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Incredible relevance of MLK today

11:57 AM  Apr 16th, 2018
by Anna Lagattuta ’20

Terri Lee Freeman ’81 has spent her career advocating for the importance and continued discussion of the Rev. Martin Luther King Jr.’s message. For the 50th anniversary of the assassination of King, Freeman shared with the world his belief in peaceful, direct action and civil disobedience to affect change and the promise of America for all during a commemoration ceremony at the Lorraine Motel, the site of King’s assassination.

On Thursday, April 12, she brought that message to a Dayton audience during her presentation “The Incredible Relevance of Dr. King’s Message Today” in Kennedy Union ballroom. She spoke of what she called striking similarities between the political climate in King’s time and our political climate today.

“His message is relevant today because he has demonstrated the sacrifice that is required to make change. His work was not rhetoric. He was not a dreamer; he had a dream, but his work was real,” Freeman said.

Freeman pointed to specific social action and issues in our country: the Black Lives Matter movement, school shootings and student activism, reactions to controversial wage laws. Racism, job inequity and uneven justice, Freeman said, underlie these all and continue to plague our nation.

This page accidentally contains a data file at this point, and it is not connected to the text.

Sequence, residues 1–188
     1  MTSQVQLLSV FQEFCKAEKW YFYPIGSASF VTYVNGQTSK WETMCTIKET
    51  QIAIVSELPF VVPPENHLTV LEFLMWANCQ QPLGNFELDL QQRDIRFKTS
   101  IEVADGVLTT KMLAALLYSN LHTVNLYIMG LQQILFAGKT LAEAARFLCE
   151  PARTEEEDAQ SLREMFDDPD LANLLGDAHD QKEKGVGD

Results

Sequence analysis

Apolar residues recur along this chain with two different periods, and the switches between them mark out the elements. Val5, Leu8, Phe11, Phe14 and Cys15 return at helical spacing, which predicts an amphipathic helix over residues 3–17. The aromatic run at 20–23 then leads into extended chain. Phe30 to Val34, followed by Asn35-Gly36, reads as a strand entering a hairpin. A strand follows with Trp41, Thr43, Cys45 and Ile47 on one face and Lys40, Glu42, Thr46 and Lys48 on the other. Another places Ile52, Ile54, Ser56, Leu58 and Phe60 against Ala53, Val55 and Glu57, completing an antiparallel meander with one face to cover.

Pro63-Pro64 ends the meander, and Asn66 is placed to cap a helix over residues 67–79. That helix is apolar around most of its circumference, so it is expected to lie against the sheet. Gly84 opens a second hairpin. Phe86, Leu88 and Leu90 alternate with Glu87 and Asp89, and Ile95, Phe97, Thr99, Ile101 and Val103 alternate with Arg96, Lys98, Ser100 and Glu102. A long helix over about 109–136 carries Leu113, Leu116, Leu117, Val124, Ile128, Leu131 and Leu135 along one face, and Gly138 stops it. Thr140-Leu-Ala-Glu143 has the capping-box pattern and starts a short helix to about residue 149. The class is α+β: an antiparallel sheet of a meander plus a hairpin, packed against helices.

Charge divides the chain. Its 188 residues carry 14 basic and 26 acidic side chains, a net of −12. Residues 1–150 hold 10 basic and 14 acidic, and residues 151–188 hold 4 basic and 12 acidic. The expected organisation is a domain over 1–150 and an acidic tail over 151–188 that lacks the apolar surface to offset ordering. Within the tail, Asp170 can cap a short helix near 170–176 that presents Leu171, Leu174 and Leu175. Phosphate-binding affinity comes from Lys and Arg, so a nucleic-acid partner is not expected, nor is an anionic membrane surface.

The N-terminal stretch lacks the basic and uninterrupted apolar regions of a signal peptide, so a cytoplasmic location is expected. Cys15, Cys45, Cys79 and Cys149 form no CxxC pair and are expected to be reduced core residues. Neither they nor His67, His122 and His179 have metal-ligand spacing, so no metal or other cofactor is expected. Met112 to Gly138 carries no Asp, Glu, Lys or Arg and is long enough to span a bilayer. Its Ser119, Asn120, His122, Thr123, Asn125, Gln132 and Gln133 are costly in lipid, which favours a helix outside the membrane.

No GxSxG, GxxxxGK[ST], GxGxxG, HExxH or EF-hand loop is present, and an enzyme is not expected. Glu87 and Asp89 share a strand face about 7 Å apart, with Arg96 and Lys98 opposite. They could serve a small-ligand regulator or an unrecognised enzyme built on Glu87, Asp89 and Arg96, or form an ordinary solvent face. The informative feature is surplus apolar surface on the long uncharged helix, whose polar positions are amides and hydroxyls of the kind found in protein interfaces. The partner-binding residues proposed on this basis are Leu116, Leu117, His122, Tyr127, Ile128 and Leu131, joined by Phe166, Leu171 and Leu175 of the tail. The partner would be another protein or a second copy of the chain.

Freeman earned her bachelor’s degree in journalism and communication arts at UD before receiving her master’s in organizational communication from Howard University. She now serves as the president of the National Civil Rights Museum at the Lorraine Motel in Memphis, Tennessee. Her lecture was part of the campus #MLK50 commemoration, which also included a public screening of King’s last speech delivered the night before his assassination and a remembrance ceremony at the campus King monument.

As Freeman spoke, she made a call for change. It could be as simple as more millennials showing up to vote or as widespread as each of us having the willpower to remain nonviolent in a violent situation.

“I am here and ready to support you,” she said. “But I’m not going to tell you how to do it. You have to decide how it’s going to work, for you and for the masses.”

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